Due to health problems, Athelia Woolley LeSueur was forced to give up her career in international relations, even though she had extensive experience in the field. As a result, she ventured into the fashion industry.
Without any experience in the fashion industry, LeSueur opened a clothing website called Shabby Apple, which became a huge success. She saved time and money by avoiding the traditional route through middlemen such as sales agents and wholesalers.
To secure the services of these business partners, you have to haggle a lot, and it’s not worth it.
Thanks to LeSueur’s independent drive, her company is now worth $47.5 million.
Lesson 3: Culture and intellectual entitlement kill innovation and leadership
If you’ve ever worked in a company for any length of time, you’ve probably encountered a boss surrounded by yes-men and people who dare not challenge the boss’s ideas. Trying to disrupt yourself is a potentially deadly strategy.
If you want to make a difference, you need to be open to meeting and interacting with people and ideas that are different from your own.
It’s human nature to associate with people who share your values and worldview. However, this can also lead to arrogance and a presumption of superiority over other cultures.
According to studies, people are less creative when they stay within their own social group.
Scientific literature published between 1990 and 2000 was reviewed by the Kellogg School of Management. One indicator of a paper’s success was how often it was cited by other researchers in subsequent papers.
Papers that drew on both mainstream academic sources and a small number (10-15%) of non-traditional sources performed best.
This suggests that the most prolific authors left their usual academic networks to find new perspectives.
Intellectual pretension is another trap that can blind a good leader to dissenting opinions.
This is the case when leaders are so confident in their own abilities that they refuse to consider alternative viewpoints.
Brooksley Born, who headed the U.S. Commodity Futures Trading Commission before the 2008 financial crisis, is familiar with being overlooked.
She repeatedly stressed the importance of regulating the derivatives market. But neither Alan Greenspan, the Federal Reserve chairman, nor Larry Summers, the Treasury secretary, were interested in hearing her concerns because of their greater experience and authority.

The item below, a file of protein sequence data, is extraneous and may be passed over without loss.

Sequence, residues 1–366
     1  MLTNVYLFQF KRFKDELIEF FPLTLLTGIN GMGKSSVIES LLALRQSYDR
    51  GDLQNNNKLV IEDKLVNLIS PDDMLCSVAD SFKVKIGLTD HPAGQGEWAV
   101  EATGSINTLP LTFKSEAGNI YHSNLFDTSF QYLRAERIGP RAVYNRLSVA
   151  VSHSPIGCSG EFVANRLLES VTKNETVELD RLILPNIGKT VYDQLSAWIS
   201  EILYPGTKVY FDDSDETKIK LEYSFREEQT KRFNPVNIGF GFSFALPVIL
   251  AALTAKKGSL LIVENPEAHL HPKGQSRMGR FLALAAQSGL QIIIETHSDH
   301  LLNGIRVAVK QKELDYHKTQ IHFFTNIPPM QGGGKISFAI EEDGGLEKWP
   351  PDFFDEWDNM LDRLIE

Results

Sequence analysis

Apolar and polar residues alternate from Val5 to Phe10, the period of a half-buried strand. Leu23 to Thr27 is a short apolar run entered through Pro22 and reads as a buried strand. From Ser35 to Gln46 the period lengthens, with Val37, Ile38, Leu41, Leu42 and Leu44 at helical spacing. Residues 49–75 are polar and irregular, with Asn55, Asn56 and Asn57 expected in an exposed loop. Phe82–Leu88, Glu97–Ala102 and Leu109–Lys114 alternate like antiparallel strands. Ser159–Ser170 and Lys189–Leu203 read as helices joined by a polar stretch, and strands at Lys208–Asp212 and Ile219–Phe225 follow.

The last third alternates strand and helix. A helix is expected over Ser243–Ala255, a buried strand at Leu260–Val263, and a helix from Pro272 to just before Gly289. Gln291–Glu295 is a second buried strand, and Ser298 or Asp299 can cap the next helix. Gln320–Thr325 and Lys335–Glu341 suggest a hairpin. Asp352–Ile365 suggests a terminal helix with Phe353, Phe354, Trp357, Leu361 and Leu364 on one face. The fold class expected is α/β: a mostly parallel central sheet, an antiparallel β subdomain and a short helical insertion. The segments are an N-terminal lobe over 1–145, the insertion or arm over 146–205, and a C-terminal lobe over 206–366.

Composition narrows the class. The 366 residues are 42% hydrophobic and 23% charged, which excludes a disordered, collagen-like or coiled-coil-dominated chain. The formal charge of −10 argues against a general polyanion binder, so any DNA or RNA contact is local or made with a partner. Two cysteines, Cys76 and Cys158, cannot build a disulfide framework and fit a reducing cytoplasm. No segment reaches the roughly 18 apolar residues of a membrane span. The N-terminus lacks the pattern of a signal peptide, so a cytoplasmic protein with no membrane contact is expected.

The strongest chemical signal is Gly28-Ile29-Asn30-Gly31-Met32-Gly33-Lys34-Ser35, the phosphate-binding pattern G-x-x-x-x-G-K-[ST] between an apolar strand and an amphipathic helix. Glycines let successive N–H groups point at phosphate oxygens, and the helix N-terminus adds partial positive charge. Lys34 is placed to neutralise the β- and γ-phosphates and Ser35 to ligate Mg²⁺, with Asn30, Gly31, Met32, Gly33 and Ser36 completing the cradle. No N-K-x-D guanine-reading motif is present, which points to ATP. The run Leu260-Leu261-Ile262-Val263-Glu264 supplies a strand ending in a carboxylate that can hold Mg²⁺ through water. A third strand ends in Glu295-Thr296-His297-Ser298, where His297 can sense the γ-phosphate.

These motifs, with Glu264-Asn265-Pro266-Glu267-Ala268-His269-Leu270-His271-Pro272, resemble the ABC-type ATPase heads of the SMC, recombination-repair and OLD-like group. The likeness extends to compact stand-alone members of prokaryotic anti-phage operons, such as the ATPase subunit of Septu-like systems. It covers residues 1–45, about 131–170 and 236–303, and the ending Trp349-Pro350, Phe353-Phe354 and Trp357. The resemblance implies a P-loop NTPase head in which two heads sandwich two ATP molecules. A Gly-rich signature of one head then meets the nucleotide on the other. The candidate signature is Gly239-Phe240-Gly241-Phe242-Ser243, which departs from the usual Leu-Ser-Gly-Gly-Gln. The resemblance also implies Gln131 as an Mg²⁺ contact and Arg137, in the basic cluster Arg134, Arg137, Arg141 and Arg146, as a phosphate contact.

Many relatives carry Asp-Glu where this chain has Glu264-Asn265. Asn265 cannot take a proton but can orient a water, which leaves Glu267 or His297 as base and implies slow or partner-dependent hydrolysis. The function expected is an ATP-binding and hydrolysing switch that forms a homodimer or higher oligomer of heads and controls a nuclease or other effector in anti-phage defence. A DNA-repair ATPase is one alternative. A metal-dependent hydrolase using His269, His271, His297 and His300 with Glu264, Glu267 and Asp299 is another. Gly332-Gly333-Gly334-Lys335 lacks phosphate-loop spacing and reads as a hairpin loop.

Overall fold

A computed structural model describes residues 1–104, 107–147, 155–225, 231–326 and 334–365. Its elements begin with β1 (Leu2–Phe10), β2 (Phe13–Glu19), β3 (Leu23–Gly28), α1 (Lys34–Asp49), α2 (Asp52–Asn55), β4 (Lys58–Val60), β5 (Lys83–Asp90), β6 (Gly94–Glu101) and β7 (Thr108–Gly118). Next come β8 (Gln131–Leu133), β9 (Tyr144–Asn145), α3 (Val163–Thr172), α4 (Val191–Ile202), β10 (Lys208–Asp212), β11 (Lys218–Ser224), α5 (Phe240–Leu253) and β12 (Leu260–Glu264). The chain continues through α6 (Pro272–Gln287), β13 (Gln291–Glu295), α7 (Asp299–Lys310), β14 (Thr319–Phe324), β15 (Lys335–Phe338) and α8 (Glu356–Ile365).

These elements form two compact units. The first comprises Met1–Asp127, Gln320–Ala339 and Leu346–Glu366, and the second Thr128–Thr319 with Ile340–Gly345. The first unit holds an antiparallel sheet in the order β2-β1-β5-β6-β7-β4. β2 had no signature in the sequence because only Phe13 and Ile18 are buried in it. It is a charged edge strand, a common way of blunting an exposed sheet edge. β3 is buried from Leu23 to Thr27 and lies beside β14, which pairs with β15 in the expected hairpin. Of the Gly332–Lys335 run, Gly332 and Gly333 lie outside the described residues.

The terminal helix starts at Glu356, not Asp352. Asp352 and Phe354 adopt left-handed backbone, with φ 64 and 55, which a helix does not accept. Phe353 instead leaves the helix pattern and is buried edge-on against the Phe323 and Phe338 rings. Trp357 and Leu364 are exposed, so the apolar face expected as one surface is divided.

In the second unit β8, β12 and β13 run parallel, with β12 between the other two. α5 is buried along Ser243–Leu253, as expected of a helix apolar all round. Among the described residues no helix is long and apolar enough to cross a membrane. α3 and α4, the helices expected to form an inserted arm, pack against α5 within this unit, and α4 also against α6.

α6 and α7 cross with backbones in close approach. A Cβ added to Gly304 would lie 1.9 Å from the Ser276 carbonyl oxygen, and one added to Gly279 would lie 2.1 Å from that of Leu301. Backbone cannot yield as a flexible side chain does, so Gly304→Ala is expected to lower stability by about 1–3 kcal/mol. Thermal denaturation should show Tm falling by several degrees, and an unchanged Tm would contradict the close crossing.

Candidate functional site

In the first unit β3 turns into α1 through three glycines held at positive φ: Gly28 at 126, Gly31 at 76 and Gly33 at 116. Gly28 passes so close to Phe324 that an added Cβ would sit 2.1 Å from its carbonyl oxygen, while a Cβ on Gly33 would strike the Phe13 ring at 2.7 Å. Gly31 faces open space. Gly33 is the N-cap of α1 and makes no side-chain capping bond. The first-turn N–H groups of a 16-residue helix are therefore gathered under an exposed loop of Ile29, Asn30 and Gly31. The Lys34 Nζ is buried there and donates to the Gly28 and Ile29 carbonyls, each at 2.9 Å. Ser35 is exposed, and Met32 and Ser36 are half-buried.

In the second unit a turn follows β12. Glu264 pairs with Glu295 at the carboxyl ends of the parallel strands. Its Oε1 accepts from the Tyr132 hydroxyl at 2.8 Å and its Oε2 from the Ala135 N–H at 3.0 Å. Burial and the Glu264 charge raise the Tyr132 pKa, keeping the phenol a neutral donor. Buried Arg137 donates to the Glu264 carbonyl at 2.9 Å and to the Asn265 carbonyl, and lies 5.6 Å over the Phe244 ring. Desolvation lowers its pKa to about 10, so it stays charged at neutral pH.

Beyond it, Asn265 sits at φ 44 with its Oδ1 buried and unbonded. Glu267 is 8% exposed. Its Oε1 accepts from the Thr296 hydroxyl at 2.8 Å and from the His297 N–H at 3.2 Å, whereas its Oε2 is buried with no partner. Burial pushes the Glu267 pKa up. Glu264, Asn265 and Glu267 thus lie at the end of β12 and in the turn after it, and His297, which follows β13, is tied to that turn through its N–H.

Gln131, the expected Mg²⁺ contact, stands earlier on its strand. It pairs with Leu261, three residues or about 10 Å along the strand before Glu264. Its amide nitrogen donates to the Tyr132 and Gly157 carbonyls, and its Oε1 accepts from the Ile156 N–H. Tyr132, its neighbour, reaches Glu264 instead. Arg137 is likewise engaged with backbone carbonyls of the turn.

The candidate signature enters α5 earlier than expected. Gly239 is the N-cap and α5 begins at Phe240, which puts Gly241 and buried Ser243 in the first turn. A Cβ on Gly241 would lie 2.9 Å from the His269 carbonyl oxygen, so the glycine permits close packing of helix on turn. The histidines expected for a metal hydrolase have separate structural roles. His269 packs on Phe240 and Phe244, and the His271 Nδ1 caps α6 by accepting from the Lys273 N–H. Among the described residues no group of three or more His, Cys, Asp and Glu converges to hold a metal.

Lesson 4: A career move shouldn’t be taken lightly, but knowing when to make it’s critical
Anyone who has seen Olympic divers in action can attest to the fact that it takes a great deal of skill to avoid a fateful header when diving into the water. One of the trickiest things to do in business is to gracefully step down from your post, and that requires just as much self-control.
Knowing when to step back is critical to progress.
Carine Clark, a senior manager of online products at software company Novell, recognised this. She felt she had achieved her goals after launching a massive $80 million advertising campaign, so she quit and started a new project.
Clark’s timing was perfect when she decided to join Altiris, a small start-up that offered a platform for managing IT. Clark was promoted to CEO of the combined company after Symantec acquired Altiris in 2007 for $6 billion, and Clark had been with the company since its inception.
Some good can still come from being removed from your position against your will.
Clark resigned in 2009 after a breast cancer diagnosis. This forced her to take time off from the business world. After recovering, she decided it was time for a fresh start.
Clark started her own software company in 2012, which was acquired by MaritzCX in 2015. Once again, she was elected CEO of the company.
Success stories like Carine Clark’s show the importance of working on yourself and recognising when it’s time to try something new.
You, too, can be as successful in business as Clark by realistically assessing your situation, weighing the potential pros and cons of different courses of action, and then acting accordingly.